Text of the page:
You've likely heard that there are benefits of protein powder when it comes to a healthy lifestyle—and particularly so for women passing through menopause. However, you may also be confused about exactly how sipping on a protein shake or tucking into protein pancakes will help supercharge your nutrition. Well, we've served up the expert take below on to use it as part of your workout routine, whether your goal is weight management or building fitness.
What's more, it's important to absorb all the facts in order to choose the best protein powders for you, and to make this handy nutritional supplement as much a part of your healthy routine as wearing your favorite fitness tracker. And, after you've got the bottom of why you should be fuelling up this way—especially if you're over 50—you can decide on the fun stuff. Like whether to enjoy your daily scoop stirred into your morning oats, or mixed with water or your milk of choice as part of a post-gym smoothie...
What the main benefits of protein powder?
1. Fat loss
If your aim is to reach a healthy weight in a sustainable way, then protein powder can be very helpful. It helps you feel fuller for longer—keeping cravings at bay.
"Protein can reduce hunger, which subsequently reduces snacking, leading to fewer overall calories consumed," says nutritionist Rob Hobson. "What's more, it has been linked to a slightly higher metabolism, meaning you burn more calories throughout the day—and even while you sleep at night."
But can't you get protein from food? "It is, of course, present in animal products—like meat, poultry, and fish—and through plant-based options, such as beans, pulses, and nuts," notes Gareth Nicholas, nutritionist for sports supplement brand Maximuscle. "However, for some people, an easy, convenient way to consume enough is through products like protein powders."
It's important to note that if you're enlisting protein powder for weight management, you can't expect it to do all the heavy lifting for you. In addition to a nutritious diet, regular exercise is also vital to help create a calorie deficit. This might include doing at-home workouts on a regular basis, trying out boxing for women, or giving something like Nordic walking a go.
2. Boosted muscle mass and bone health
Another important plus point is that it can help support muscle growth and improve bone density. Both of these become particularly crucial when considering fitness for women over 50. A study (opens in new tab) recently found that a decrease in the hormone estrogen during menopause was behind muscle loss, while women are particularly vulnerable to osteoporosis as they grow older and are twice as likely as men to break a bone.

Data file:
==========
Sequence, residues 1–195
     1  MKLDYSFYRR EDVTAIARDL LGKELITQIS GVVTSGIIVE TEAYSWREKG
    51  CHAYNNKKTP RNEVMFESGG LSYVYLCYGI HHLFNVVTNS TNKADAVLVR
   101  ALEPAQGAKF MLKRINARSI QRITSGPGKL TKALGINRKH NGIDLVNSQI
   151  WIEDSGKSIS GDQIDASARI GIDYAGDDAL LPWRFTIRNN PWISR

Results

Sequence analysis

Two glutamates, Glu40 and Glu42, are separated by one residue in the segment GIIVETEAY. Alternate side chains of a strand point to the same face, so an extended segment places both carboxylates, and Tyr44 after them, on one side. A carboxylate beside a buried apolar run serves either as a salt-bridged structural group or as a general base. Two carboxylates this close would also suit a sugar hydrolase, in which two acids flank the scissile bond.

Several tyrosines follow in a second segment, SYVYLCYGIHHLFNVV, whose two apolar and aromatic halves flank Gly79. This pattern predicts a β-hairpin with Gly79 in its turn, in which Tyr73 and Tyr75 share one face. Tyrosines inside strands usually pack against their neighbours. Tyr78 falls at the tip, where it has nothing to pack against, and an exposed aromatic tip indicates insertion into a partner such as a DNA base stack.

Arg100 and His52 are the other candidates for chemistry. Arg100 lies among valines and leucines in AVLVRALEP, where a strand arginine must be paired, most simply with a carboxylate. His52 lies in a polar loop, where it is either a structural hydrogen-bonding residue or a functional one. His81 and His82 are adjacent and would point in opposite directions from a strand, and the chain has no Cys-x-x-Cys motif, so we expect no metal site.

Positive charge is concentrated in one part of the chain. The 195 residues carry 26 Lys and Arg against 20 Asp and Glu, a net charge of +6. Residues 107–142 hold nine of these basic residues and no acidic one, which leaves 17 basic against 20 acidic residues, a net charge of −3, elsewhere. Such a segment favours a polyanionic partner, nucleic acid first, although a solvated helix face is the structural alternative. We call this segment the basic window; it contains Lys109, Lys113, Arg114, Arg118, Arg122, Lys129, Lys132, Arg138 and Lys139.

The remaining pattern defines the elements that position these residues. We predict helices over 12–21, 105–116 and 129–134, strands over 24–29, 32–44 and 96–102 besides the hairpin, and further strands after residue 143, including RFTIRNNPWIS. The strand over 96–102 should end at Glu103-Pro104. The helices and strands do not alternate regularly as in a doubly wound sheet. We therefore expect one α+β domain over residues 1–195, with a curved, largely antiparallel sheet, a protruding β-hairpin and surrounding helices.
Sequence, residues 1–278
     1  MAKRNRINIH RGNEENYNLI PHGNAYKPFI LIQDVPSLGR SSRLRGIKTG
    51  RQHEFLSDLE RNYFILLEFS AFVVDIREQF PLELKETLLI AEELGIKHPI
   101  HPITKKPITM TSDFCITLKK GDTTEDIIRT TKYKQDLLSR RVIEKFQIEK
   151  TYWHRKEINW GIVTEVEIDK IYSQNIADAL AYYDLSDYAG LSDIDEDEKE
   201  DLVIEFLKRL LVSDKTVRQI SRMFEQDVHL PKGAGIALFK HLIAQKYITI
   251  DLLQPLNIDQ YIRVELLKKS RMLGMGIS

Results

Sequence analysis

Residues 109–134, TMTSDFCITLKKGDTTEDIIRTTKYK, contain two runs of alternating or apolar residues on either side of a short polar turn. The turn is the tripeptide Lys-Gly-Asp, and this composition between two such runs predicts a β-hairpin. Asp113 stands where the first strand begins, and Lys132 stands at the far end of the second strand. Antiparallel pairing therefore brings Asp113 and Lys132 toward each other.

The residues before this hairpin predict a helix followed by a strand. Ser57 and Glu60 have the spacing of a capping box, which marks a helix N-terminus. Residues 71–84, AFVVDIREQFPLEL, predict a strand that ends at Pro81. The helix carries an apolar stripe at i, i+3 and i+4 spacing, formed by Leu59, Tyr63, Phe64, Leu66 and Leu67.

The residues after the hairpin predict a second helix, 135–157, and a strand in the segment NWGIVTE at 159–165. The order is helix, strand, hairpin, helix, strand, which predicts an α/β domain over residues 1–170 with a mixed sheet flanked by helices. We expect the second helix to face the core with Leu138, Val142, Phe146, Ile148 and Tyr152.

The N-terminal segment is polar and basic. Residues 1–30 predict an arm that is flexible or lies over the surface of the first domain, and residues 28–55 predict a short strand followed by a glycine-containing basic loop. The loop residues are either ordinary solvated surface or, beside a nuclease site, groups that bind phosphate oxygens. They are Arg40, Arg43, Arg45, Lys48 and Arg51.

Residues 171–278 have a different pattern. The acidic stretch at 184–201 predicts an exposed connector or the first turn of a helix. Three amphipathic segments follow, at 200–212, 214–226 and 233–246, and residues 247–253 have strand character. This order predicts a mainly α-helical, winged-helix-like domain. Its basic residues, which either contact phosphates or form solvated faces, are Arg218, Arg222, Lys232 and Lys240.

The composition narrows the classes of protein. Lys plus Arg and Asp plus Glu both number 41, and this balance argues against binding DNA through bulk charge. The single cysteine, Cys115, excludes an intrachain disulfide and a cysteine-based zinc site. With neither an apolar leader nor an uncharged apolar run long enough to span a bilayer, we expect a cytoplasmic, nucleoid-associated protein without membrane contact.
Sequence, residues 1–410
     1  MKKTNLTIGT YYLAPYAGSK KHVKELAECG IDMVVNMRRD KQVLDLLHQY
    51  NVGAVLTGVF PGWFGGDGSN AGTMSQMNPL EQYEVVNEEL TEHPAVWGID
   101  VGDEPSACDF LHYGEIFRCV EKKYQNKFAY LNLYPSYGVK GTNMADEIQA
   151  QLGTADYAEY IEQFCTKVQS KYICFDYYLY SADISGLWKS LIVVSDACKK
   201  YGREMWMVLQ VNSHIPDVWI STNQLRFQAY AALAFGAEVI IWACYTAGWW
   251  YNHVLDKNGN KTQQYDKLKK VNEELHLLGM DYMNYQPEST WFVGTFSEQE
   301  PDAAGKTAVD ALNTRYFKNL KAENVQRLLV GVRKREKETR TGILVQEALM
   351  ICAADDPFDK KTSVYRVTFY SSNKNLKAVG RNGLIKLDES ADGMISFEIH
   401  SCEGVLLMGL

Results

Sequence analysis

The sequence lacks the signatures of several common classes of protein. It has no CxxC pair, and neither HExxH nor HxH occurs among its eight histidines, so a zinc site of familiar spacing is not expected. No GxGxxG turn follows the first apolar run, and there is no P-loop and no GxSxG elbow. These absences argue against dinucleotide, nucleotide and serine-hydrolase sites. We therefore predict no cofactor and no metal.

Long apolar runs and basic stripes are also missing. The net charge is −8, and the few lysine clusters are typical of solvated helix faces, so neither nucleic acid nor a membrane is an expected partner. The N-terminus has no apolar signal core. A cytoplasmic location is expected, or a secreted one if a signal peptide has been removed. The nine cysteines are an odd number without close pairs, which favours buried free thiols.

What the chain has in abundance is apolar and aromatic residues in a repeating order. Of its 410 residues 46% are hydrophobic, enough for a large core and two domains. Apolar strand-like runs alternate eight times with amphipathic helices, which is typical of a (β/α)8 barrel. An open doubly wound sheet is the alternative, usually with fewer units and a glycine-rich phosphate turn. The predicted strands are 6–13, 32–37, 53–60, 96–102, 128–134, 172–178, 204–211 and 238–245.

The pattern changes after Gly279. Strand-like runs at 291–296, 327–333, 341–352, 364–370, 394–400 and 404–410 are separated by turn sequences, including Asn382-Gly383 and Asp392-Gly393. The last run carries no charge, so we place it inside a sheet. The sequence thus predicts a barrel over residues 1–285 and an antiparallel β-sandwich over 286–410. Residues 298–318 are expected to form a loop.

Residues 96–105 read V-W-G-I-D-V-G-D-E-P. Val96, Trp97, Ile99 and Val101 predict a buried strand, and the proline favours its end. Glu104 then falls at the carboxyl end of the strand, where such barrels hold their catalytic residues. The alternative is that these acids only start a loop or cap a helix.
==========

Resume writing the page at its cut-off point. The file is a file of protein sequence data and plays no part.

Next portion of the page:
"Protein is extremely important as we age," says Hobson. "Women going through menopause may see a decrease in muscle mass, and protein can help avoid this. Plus, bone mass density also declines due to a drop in the hormone estrogen." So it can be helpful to top up using protein powder.
Just like with healthy fat loss, protein powder can't do all the work in this regard. Strength training for women—whether using your body weight or a resistance band—is key to helping you reap all the benefits. It increases muscle mass, combats natural bone density loss, reduces the risk of injury, improves balance and posture, and also leaves you feeling empowered by your own body and its ability.
How much protein should I consume?
This varies for everyone. According to the British Nutrition Foundation, women aged 19 to 50 years old require approximately 0.6g of protein per kilogram of body weight every day. This means that a woman weighing 70kg—roughly 11 stone—would need 42g of protein daily. For the reasons mentioned before, this goes up for women over 50. It is recommended females in this age group consume 0.8g per kg of body weight, meaning that a woman of the same weight would now need around 56g of protein.
While this is a fairly easy target to hit if you're a meat-eater—a standard chicken breast alone provides around 31g of protein—it may be a little trickier, though not impossible, for vegetarians and vegans. As such, protein powder can be a helpful way to reach your daily target. Although whey protein powder isn't suitable for vegans, there are alternatives such as pea, hemp, rice, and soy.
What is the best protein powder?
Now, this really is all down to personal preference. For starters, there are numerous different types to choose between—from whey to rice and pea-based varieties—and which you go for depends on your dietary preferences. For instance, vegans should avoid whey and go for pea protein. Then there's the important matter of flavor—brands usually have options including chocolate, vanilla, and strawberry.
Then there are considerations like the quantity as well as price and beware of picking up powder packed with additives and hidden nasties. Your best bet is to check the label for one with minimal ingredients, that's also unsweetened. Some of the brands to make the cut in our best protein powder round-up include MyProtein, Innermost, and Shreddy. Enjoy!
Lucy Gornall is the former Health & Fitness editor at Future and a personal trainer specializing in pre and post-natal exercise.
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